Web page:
Resolving wicked problems:key factors and resourcesBriefing NoteFor up-to-date knowledge relating to healthy public policyMarch 2019Problems in public policy that involve complexsocial issues are often wicked in nature. That is,they are difficult to define, offer no apparent finalsolutions, potentially affect a vast array of otherproblems and have long been resistant toeffective intervention. Oft-cited examples includeclimate change, obesity, and health inequalities.These ‘wicked problems’ 1 present unique anddifficult challenges, but they are notinsurmountable. This summary document ismeant to highlight key factors and resources fordealing with wicked problems and to offer readerssome practical examples for how these may beaddressed. Our hope is that it will be useful topublic health actors by helping to focus theirapproach to the specific problems theirorganizations are faced with and by suggestingresources that might be helpful.Three key factorsA variety of authors writing about wickedproblems stress that several factors are key totheir resolution. Three of these stand out and,though they overlap and are in many waysinterrelated, they merit individual treatment. Thethree factors are collaboration, sharedunderstanding, and dialogue. These are usedexplicitly and intentionally in some forms ofproblem resolution (for example, DialogueMapping) (Conklin, 2006; Seybold, 2013), and inless formal ways by others (cf. Rubery, 2003).Keeping these in mind when attempting toapproach a wicked problem might help one avoidthe temptation of ‘taming’ a problem – that is, ofattempting to turn it into a solvable problem byasserting that it has one definition or that thereare a limited number of solutions and one mustbe chosen from among these (Conklin, 2006), orof imposing a solution in a situation where to doso might create or exacerbate other problems.For example, the adoption of ‘Broken Window’policing whereby minor and quality of life offencesare ticketed with the assumption that more1For a fuller discussion of wicked problems, how they aredefined, and how they relate to health inequalities, seeour Fact sheet at:serious crime will be averted, not only lacksevidence of being related to a reduction in othercrimes, but has perhaps been a factor inincreasing the distrust that many minoritycommunities have toward the police (Childress,2016).The three factors of collaboration, sharedunderstanding, and dialogue are discussedbelow.CollaborationWicked problems are not uncommon in publicpolicy where competing interests often battle forposition and seek to have their preferred solutionprevail. In some protracted cases, these battleshave persisted for years or even decades withoutsuccessful problem resolution (Seybold, 2013).Indeed, the states of exhaustion and frustrationbrought on by seemingly never ending attemptsto resolve a wicked problem often signal the pointat which competing interests are finally able toagree to collaborate (Conklin, 2006). Someexamples of these types of problems might behow to cope with the dramatic increase in opioidoverdoses or with the migrant crisis. Ifcollaboration is to be successful, it would ideallyinclude all stakeholders and while this might notalways be attainable, including as many aspossible is crucial. For those involved in policyand program decision making, collaborationalmost certainly means hearing and takingseriously stakeholders that are not always part ofthese types of discussions. This implies full buy-inon the part of collaborators and also requires thatthe process to be followed be transparent andagreed upon in advance. In the case of protractedwicked policy problems, it is probably best tobegin by outlining a limited number of meetingsand specific points for discussion lest pastdisagreements prevent any potential progress.(Brown et al., 2010; Seybold, id article 927.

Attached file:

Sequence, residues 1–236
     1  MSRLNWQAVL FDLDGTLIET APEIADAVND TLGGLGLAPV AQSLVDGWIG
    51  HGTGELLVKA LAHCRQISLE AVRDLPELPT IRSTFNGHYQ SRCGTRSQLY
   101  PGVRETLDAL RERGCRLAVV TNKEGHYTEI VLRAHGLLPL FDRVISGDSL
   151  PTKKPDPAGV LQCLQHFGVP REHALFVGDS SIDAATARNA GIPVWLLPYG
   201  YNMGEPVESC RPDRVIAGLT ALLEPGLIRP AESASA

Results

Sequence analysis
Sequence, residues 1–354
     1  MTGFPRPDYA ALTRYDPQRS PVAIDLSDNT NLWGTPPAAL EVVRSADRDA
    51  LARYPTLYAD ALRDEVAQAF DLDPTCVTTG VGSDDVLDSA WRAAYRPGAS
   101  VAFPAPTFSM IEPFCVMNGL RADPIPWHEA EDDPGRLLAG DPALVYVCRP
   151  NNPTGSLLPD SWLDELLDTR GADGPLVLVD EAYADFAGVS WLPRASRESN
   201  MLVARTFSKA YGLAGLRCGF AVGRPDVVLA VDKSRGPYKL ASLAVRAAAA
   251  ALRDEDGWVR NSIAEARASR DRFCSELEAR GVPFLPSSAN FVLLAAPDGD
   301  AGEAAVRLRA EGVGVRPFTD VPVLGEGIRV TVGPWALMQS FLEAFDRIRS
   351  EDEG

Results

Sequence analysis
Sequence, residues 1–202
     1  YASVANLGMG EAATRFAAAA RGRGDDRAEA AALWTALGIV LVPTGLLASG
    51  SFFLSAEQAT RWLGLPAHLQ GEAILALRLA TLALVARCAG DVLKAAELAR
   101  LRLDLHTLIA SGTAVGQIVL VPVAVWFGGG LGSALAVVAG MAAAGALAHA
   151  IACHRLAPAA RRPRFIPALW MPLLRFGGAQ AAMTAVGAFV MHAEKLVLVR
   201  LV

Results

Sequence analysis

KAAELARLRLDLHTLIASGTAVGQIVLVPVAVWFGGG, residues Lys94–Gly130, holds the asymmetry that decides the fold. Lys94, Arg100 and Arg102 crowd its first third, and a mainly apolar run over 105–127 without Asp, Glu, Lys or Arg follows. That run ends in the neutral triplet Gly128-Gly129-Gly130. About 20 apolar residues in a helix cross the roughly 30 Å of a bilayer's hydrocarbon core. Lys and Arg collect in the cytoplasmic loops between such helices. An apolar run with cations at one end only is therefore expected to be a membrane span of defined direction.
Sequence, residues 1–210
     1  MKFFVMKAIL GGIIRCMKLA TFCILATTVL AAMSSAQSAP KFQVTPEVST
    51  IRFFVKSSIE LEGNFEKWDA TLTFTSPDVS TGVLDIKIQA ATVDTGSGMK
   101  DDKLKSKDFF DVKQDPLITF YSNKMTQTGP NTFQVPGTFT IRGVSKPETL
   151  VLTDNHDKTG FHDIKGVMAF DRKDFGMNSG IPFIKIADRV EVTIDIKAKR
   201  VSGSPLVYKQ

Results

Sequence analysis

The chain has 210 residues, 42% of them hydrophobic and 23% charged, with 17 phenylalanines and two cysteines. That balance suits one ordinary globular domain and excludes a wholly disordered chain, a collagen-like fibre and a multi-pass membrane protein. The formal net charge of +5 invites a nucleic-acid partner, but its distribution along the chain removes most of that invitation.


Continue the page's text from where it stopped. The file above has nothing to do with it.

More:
2Briefing NoteResolving wicked problems: key factors and resourcesShared UnderstandingShared understanding refers not to agreement on allof the issues but to an understanding of each pointof view and a commitment to documenting theprocess of collaboration in such a way that it allowsall participants to see – usually in a visualThis type of visual representation is particularlyuseful when collaborating over a period of time(Seybold, 2013). Because everyone has access to aquick summary of how issues have been discussed,there is no need to return to past discussions or towaste time and energy rehashing old arguments(Conklin, 2006, p. 53). It can also leave participantswith a representation of the ground they havecovered and a sense of accomplishment inadvancing towards a possible resolution.2representation – that their views and positions aregiven equal weight. The diagram below shows anexample of how mapping out a dialogue processmight capture a discussion. Each idea, question, andargument for or against is represented on the mapand remains there as both a memory aid and as arepresentation of the discussion. 2Benefits of shared understanding Reduction in duplicated effort and rework Minimized number of issues that fall through thecracks Coherent individual efforts that move the groupforward Decisions that stick Better visibility of critical issuesThis example is a very simplified version of a Dialogue Map(Conklin, 2006). The formal version uses a specific softwaretool (Compendium), not used here and a language – Issuebased information system (IBIS) - that is only approximated inTel.: 514 864-1600 ext. 3615 Email: [email protected] rendering. For direction to a full account of the DialogueMapping process, see the Resources section of thisdocument. Twitter: @NCCHPP